The gaming industry will need a little gambler’s luck to get Internet poker legislation passed in the lame-duck session after the November election, a trade association official said.
Frank Fahrenkopf, president and CEO of the American Gaming Association, said he’s skeptical that a bill can be approved before new lawmakers take office in January.
Fahrenkopf addressed reporters this morning before today’s opening of the trade show floor for the 12th Global Gaming Expo at the Venetian.
Fahrenkopf said he isn’t concerned about Republicans seizing control of the Senate, even though the party has opposed legalizing Internet poker in its platform.
He said the AGA would emphasize that a bill to legalize Internet poker would be beneficial to those opposing online gambling because it restricts play to poker only, would carry restrictions that would protect against underage play and would strengthen the Wire Act and the Unlawful Internet Gambling Enforcement Act.
Senate Majority Leader Harry Reid and Sen. Jon Kyl, R-Ariz., have drafted legislation to legalize Internet poker, but Fahrenkopf said it’s likely to be low on the list of legislative priorities.
Fahrenkopf said 85 countries have legalized some form of Internet wagering, and about $34.9 billion is bet annually by some 33 million players worldwide. That includes millions of dollars bet illegally from the United States.
The association has advocated a national framework for Internet poker to avoid a “patchwork quilt” of differing state laws. He cited Nevada’s leadership in developing online poker regulations and particularly the work of outgoing Gaming Control Board Chairman Mark Lipparelli in licensing intrastate poker play.
Fahrenkopf also said he wasn’t bothered by Las Vegas Sands Chairman Sheldon Adelson’s opposition to approving Internet poker.
“Sheldon has been transparent and straightforward with me and the other members of the industry,” he said. “This is his own personal view. It is not the position of Las Vegas Sands (parent company of the Venetian). Most of his executives are very much in the same area as most of the executives of the other companies are. He’s entitled to his view. I’ve seen no evidence of him being out there working against us or anything of that nature.”
Despite some of the setbacks the industry has experienced on Internet poker, Fahrenkopf is still convinced it eventually will be passed and that online play is the next frontier for the industry.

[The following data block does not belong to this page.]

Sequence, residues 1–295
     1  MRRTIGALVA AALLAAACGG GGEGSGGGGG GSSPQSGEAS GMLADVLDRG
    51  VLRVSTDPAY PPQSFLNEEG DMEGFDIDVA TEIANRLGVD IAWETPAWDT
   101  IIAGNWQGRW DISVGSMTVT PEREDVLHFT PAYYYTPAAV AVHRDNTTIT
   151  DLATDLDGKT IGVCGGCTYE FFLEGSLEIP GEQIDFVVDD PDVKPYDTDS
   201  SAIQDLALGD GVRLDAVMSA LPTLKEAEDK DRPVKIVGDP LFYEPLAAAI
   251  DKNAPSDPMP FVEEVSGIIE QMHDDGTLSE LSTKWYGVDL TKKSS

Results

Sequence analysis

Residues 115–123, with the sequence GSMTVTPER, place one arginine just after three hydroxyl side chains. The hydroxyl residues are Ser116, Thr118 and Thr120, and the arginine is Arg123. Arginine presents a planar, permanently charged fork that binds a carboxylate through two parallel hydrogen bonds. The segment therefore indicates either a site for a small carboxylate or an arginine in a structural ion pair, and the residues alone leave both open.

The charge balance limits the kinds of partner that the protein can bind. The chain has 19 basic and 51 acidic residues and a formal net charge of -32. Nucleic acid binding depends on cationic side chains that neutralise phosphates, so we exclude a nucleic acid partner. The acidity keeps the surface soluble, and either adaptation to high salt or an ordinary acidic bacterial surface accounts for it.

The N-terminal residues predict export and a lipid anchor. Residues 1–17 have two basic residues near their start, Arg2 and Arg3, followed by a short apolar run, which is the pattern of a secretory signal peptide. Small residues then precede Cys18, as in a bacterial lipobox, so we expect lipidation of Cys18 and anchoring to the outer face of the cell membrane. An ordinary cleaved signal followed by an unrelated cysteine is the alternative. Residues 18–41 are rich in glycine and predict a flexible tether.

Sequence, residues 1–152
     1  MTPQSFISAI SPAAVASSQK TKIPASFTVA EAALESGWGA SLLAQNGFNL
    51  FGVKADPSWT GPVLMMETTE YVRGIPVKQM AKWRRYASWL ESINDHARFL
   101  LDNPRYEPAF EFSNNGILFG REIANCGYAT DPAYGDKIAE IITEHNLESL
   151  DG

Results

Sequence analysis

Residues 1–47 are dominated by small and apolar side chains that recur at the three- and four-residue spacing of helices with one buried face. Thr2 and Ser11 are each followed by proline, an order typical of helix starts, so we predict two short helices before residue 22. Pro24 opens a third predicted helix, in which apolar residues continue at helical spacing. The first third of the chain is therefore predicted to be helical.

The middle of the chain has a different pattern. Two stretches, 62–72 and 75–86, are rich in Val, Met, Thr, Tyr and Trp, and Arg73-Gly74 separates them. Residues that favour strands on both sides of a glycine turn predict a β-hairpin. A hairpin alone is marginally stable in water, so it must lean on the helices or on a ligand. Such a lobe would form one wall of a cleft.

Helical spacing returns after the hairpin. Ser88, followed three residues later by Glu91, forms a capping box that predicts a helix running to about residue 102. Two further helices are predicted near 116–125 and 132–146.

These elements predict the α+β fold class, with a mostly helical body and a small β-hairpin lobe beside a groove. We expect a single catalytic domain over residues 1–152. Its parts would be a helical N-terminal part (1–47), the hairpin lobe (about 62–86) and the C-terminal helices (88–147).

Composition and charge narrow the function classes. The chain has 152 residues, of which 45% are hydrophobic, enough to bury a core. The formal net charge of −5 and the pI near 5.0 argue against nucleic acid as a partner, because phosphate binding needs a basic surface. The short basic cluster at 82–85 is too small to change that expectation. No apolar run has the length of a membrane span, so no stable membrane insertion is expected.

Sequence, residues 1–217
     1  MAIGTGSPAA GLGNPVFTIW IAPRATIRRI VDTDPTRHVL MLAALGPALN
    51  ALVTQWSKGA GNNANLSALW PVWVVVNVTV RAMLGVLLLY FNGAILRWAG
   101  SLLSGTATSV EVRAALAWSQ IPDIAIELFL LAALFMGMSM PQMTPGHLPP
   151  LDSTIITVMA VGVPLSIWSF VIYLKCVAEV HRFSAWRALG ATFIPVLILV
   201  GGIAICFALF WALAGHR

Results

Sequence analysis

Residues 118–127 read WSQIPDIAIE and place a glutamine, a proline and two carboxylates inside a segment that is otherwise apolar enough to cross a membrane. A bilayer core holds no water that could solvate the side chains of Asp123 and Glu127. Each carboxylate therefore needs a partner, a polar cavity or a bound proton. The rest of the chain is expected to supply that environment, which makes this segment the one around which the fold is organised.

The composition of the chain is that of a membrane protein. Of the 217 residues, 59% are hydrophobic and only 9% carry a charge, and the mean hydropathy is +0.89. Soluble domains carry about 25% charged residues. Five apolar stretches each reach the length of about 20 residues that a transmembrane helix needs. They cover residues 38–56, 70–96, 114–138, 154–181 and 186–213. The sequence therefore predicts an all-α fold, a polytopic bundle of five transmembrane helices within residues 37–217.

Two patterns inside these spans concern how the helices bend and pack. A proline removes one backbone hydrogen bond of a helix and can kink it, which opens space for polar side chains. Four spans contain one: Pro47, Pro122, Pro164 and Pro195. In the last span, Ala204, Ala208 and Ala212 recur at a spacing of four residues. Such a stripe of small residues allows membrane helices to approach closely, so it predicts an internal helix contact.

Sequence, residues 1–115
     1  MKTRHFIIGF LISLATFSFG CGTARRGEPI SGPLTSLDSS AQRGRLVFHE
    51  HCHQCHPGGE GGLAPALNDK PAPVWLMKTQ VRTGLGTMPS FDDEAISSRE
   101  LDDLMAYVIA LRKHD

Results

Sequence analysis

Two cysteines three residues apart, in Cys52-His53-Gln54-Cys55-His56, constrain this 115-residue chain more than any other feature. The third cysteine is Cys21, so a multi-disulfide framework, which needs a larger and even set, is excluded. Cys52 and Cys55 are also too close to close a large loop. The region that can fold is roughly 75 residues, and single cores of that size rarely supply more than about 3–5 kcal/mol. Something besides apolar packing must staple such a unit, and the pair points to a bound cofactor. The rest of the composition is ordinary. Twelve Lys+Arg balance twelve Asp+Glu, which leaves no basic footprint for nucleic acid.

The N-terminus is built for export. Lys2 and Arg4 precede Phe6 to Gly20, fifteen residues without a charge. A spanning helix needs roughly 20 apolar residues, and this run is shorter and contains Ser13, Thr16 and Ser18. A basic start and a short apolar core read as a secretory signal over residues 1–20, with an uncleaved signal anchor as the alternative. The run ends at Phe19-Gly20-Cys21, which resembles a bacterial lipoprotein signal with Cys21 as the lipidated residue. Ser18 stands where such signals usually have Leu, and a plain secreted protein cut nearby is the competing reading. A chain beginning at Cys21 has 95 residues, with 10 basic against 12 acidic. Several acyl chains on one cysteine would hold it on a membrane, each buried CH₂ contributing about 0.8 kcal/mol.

“It’s no longer a matter of if online gambling will be legalized in the U.S., but when, where and how,” he said.
The expansion of the gaming industry could occur as a result of election results. Fahrenkopf said there are gaming expansion initiatives on ballots in Oregon, Rhode Island and Maryland in November. Illinois Gov. Pat Quinn vetoed legislation that would have expanded gaming in that state.
Gross gaming revenue from land-based casinos, meanwhile, is up 6 percent from 2011, Fahrenkopf said, and 18 of 21 states that offer casino-style gambling have seen increases. Nevada is among them.
That’s expected to grow even more with new casino openings planned in Ohio, Illinois, Maryland and Massachusetts.
On the international front, Fahrenkopf said, while growth has slowed in Macau, other countries are expected to enter the game in Latin America and the Middle East. Macau could be further impacted by new casinos in Vietnam, Cambodia, the Philippines and, possibly, Japan, he said. He also said the industry is watching to see how new government policies could shape the gaming landscape in Singapore.
Fahrenkopf also said there is growing concern within the industry about so-called Internet sweepstakes cafes.
The AGA issued a white paper last month about cafes that sell a product — often Internet time or long-distance telephone minutes — and offer entries to a sweepstakes that plays like a slot machine. The AGA says café owners aren’t regulated or subject to criminal background checks, and they siphon money from state-licensed casinos, race tracks and lotteries.
Fahrenkopf, who has been the AGA’s president and CEO since 1995, made his remarks before leaving for Denver for Wednesday’s presidential debate. The former chair of the Republican National Committee is co-chairman of the Commission on Presidential Debates.
The trade show floor at G2E, a showcase of the latest technology in slot machines and table games, opened this morning.
Last month, the AGA announced that more than 400 companies would exhibit on more than 259,000 square feet of exhibit hall space — a 4 percent increase over the size of the show last year.
More than 65 international exhibitors planned to be at the four-day show, which is expected to draw more than 26,000 people.
A series of more than 100 panels and presentations are scheduled at the event, which is not open to the public.